The A’s traded for third baseman Kevin Kouzmanoff because Eric Chavez can’t be expected to play anything close to a full season, but Chavez is comfortable with his new role as a super utility player.
“I think getting Kouzmanoff was a great move for the organization,” Chavez told the media during a session at the Oakland Coliseum West Side Club on Thursday. “Since I’ve been here, it’s always been about the team, not any one player. They needed a third baseman. I’m in the last year of my contract and I can’t play a full season any more.”
Chavez has been rehabbing after still another operation — he’s had five on his back and shoulders — and said he feels fine.
“But I felt fine at this time last year,” he cautioned. “Last year, I just worked in the gym and when I took the field, I broke down. This year, I’m going to do baseball activities before spring training, so I’ll know where I am.”
He has talked with general manager Billy Beane about his role, playing some at third and first and possibly even at shortstop; Chavez was a shortstop in high school and often takes grounders there during infield practice.
“Billy said they could rest me four to five days if that’s necessary, which was never possible in the past,” Chavez said.
He’s never played first, but manager Bob Geren scoffed at the idea Chavez would have problems there.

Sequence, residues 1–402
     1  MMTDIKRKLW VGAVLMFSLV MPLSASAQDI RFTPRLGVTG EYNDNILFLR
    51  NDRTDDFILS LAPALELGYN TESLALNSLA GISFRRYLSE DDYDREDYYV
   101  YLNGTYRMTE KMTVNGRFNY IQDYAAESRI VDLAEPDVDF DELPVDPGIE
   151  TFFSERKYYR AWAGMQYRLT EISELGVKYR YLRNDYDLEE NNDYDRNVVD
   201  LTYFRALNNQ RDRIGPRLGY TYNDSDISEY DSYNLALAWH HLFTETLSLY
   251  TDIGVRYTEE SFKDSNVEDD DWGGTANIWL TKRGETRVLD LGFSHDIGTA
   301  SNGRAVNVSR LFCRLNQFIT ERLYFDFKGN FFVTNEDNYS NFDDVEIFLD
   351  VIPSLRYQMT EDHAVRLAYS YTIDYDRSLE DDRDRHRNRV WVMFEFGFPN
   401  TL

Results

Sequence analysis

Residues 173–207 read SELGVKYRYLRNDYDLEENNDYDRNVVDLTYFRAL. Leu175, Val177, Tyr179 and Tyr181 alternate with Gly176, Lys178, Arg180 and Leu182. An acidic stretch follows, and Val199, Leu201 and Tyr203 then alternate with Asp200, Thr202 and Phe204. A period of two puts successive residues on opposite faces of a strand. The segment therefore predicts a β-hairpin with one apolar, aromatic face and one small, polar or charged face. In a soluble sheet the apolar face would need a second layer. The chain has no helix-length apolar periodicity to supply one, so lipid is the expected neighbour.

“He’s a six-time Gold Glover,” Geren said. “He’ll have to work on his footwork in taking throws, but he won’t have any trouble.”
The A’s will also get another important piece back with the return of pitcher Justin Duchscherer. “I’d never have thought for a minute that Duke wouldn’t throw a pitch for us last season,” pitching coach Curt Young said.
But that’s how it worked out as Duchscherer battled first an injury and then depression. He was a free agent after the season but re-signed with the A’s.
Duchscherer brings a veteran presence to an otherwise young starting staff, and he also makes the manager’s job easier.
“He gives you a lot of quality innings and he can affect how you use your bullpen both the day before and the day after he pitches,” said Geren, referring to the fact that Duchscherer usually can be relied on to pitch seven strong innings. “If you’re debating whether to use another reliever, if you know he’s pitching the next day, you’d probably go ahead and use that reliever.”
The A’s in recent years have been known for strong pitching and defense, but the defense was below average for most of last season. That should improve this season. Kouzmanoff is a sure-handed defender at third, though not noted for his range. Mark Ellis, who missed 60 games at the start of last season, is healthy. Now if Geren can only be persuaded not to put Jack Cust in the field.
Though the A’s added some power in Kouzmanoff, who should boost his home run total some because he won’t be playing at Petco Park, they’re going to be a running team, especially with the addition of Coco Crisp to a team that already has Rajai Davis, who stole 41 bases last season.
“We started that in the second half of last season,” Geren noted. “We didn’t have a lot of power, so this was a way to score runs.”